As shown in the Venn diagram below, Steve Bruce is the only manager in the Premier League who is British, who is experienced (for illustration and simplicity, let’s take this to mean over 50), and whose reputation in football was forged during his playing days (all 20 were players at some stage, but only a minority could be considered top players).

None of these three factors is a pre-requisite for being a capable top-flight manager.  In fact, there is one manager, Nuno Espirito Santo at Wolves, who does not fall within any of them.

Nonetheless, they are all factors which generally lead to managers receiving media coverage which is more favourable than it otherwise would be.  It is not that Bruce’s cheerleaders have a malicious, anti-Newcastle agenda.  Usually, they do not – the exception being Simon Jordan, who is – with respect – a wanker.  Rather, these lazy biases are often unconscious, even though it is frustrating to hear Bruce repeatedly backed by various talking heads who don’t have to put up with watching his insipid anti-football.

Returning to the anti-Bruce, Nuno Espirito Santo, to the extent he receives positive coverage, it is entirely on merit and due to Wolves’ development as a club under his stewardship.  He receives favourable press in spite of who he is.  Bruce, by contrast, is dealt an easy hand because of who he is.  Indeed, the subtext – when Bruce gets plaudits or sympathy – is usually that he’s the “right sort”, and has the “right stuff” (for which read – he’s British, he’s getting on a bit, and he was a decent player once).  It often has very little to do with anything he’s doing at Newcastle.  Bruce’s cheerleaders tend to be character witnesses for the defence: the likes of Dion Dublin and Roy Keane (who played with him), and Jamie Redknapp (who played at the same time as him).  For good measure, there’s also Alex McLeish, who spoke highly of Bruce on the basis that “he was my neighbour when we lived in Birmingham”.  There are plenty of warm words for Bruce, but few of them tend to relate to the job he is actually doing.

British managers are not inferior to foreign ones.  You don’t have to be a myopic xenophobe to have a natural disposition in favour of a home-grown manager.  Knowing the peculiarities of the English game, which persist despite the globalisation of top-level football, is important.

Older managers are not inferior to younger ones.  Experience can count for something, particularly if it is the kind of experience which entails being exposed to varied methods, cultures and ideas.  Hodgson is a good example of this, having managed overseas and at international level.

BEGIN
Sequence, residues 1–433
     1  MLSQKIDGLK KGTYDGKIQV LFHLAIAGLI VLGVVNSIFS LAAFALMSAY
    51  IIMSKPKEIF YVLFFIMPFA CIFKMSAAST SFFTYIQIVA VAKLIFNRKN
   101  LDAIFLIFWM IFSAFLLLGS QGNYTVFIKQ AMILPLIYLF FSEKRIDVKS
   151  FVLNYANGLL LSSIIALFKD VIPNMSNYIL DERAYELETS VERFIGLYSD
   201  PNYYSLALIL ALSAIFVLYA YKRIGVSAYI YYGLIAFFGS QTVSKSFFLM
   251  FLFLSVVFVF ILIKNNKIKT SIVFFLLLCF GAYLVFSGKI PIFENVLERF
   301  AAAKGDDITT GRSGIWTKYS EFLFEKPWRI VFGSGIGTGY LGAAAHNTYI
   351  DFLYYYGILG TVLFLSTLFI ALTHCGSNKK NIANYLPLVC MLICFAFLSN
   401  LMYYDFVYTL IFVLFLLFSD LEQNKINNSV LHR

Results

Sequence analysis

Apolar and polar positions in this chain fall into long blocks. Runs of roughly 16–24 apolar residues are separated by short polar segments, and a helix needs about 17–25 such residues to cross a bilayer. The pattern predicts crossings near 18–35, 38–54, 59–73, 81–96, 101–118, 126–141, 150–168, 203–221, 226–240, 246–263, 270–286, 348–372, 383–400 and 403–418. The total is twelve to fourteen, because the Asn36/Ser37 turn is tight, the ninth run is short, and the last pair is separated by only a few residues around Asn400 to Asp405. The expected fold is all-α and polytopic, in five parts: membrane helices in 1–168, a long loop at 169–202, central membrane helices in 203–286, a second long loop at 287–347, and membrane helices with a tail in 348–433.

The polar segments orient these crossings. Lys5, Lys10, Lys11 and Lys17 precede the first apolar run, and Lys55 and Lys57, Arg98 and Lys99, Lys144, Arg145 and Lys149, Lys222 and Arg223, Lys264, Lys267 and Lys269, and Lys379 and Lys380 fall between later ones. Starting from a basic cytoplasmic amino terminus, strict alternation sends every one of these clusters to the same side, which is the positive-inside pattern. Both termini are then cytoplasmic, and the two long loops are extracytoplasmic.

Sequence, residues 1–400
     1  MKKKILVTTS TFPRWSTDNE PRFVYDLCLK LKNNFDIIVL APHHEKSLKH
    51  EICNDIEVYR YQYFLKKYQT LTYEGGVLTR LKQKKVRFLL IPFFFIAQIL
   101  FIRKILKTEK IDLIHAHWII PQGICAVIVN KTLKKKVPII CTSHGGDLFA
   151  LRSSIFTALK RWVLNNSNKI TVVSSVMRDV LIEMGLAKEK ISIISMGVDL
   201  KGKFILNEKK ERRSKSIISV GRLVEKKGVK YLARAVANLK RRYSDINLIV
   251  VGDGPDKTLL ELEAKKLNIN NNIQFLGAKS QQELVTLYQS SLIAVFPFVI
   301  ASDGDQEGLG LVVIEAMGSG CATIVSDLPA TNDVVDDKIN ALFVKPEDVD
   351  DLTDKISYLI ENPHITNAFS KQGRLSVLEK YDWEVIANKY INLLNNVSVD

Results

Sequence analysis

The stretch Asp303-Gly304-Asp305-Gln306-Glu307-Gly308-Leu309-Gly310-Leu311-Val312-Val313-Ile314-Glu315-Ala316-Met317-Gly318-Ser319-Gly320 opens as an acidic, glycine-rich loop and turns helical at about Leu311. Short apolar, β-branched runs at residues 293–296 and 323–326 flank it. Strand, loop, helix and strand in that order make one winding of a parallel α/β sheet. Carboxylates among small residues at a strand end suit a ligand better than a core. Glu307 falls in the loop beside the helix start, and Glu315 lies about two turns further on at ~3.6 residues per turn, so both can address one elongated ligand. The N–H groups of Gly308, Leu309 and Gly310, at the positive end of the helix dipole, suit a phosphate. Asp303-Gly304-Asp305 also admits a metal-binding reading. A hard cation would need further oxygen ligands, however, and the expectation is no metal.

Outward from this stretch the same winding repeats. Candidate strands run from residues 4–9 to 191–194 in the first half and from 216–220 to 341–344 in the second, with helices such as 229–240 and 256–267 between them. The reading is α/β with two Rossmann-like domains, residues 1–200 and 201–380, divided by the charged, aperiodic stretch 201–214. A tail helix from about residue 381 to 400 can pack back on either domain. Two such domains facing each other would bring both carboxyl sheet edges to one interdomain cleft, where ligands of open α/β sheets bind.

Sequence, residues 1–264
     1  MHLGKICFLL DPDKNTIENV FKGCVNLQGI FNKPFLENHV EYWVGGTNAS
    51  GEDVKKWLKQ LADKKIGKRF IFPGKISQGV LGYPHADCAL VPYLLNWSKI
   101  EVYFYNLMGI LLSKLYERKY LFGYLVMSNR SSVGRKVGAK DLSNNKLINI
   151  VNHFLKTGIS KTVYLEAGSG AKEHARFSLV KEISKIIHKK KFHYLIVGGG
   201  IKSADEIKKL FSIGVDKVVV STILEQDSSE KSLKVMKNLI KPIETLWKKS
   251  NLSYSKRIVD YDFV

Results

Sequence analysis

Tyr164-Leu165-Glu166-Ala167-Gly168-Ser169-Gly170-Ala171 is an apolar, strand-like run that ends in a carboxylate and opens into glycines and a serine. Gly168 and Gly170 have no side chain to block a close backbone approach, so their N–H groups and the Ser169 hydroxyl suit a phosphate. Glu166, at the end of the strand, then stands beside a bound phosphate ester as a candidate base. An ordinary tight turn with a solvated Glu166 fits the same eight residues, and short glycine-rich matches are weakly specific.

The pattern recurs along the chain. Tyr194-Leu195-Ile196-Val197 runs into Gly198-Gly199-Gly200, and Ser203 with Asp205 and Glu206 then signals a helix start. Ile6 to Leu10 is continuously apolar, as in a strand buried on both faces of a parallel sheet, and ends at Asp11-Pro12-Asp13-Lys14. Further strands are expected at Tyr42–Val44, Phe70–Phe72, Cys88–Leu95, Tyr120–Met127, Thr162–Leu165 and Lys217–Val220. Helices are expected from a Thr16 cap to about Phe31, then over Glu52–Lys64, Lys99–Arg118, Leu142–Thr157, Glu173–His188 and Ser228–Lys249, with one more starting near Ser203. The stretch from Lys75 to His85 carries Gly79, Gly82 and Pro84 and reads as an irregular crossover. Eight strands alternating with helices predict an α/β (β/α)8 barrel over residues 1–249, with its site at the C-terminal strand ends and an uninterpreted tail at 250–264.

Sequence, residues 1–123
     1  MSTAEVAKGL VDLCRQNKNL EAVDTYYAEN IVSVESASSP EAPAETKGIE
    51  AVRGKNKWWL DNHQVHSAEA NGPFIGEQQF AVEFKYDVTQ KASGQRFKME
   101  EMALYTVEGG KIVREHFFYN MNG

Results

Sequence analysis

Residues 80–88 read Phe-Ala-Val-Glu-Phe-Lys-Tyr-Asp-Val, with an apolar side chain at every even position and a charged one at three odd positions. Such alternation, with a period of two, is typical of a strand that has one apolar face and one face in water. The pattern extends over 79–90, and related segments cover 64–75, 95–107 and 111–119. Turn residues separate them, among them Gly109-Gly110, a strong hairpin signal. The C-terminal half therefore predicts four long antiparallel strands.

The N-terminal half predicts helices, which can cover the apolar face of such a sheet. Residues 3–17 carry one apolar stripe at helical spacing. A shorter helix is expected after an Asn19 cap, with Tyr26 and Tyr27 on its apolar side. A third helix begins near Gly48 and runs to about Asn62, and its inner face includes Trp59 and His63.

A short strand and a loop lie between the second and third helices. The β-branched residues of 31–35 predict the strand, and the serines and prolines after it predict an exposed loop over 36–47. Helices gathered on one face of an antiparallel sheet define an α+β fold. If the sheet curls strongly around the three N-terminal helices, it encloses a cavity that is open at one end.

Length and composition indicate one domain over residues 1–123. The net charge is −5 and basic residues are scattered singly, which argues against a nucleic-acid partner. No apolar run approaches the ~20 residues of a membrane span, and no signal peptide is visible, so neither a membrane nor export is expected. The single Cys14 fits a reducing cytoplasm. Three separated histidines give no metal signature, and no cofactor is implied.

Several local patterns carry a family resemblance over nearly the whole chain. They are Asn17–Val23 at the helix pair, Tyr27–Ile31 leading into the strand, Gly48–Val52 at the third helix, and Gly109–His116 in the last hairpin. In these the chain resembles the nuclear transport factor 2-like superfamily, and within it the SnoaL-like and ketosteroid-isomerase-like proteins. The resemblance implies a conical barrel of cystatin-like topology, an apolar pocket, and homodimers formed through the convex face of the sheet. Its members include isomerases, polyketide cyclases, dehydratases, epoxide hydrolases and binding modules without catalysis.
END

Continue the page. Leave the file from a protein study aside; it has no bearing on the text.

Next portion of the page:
Managers who were good players are not inferior to those who weren’t.  It can undoubtedly be helpful for a manager to have had a strong playing career.  Firstly, it commands respect and credibility.  Guardiola’s managerial philosophy is believable because of how he played the game.  Secondly, it can be particularly useful where the manager in question played for the same club: supporters have more patience and goodwill towards “one of their own” – Arteta, Solskjaer and Lampard being the obvious current examples.

So, given that these three factors can all help managers, why is it that the only Premier League manager with all three in his favour – Bruce – continues to be an abject failure at Newcastle?  One view is that when a manager has every advantage, it creates an increased risk of complacency and believing one’s own hype (which the media’s kind treatment of managers who have Bruce’s personal characteristics does little to dispel).  Bruce is simply too comfortable.  Football managers, like all professionals, need to be under some pressure in order to push themselves, to try new approaches, and to succeed.  Whatever Bruce may say, he is simply not under the same kind of pressure faced by Hasenhuttl – who will be tarred with the “foreign flop” brush if Southampton’s form deteriorates, or Parker – whose youth will be cited as a reason for Fulham going down, if indeed they do.  Parker’s entire career hangs in the balance.  Look at Paul Ince – where is he now?  There is simply no such peril facing Bruce.  What awaits him after Newcastle is the cosy embrace of the studio and the company of men just like him, or, if he prefers, a comfortable retirement.

In short, these three key factors (being British, being experienced, and having been a top player) are all things which – in isolation – can help managers succeed.  But, in combination, and particularly when massaged by the lazier parts of the media, they create a counterproductive sense of privilege and entitlement.  Graeme Souness had it.  Mark Hughes has it.  Steve Bruce undoubtedly has it, and we’re stuck with it.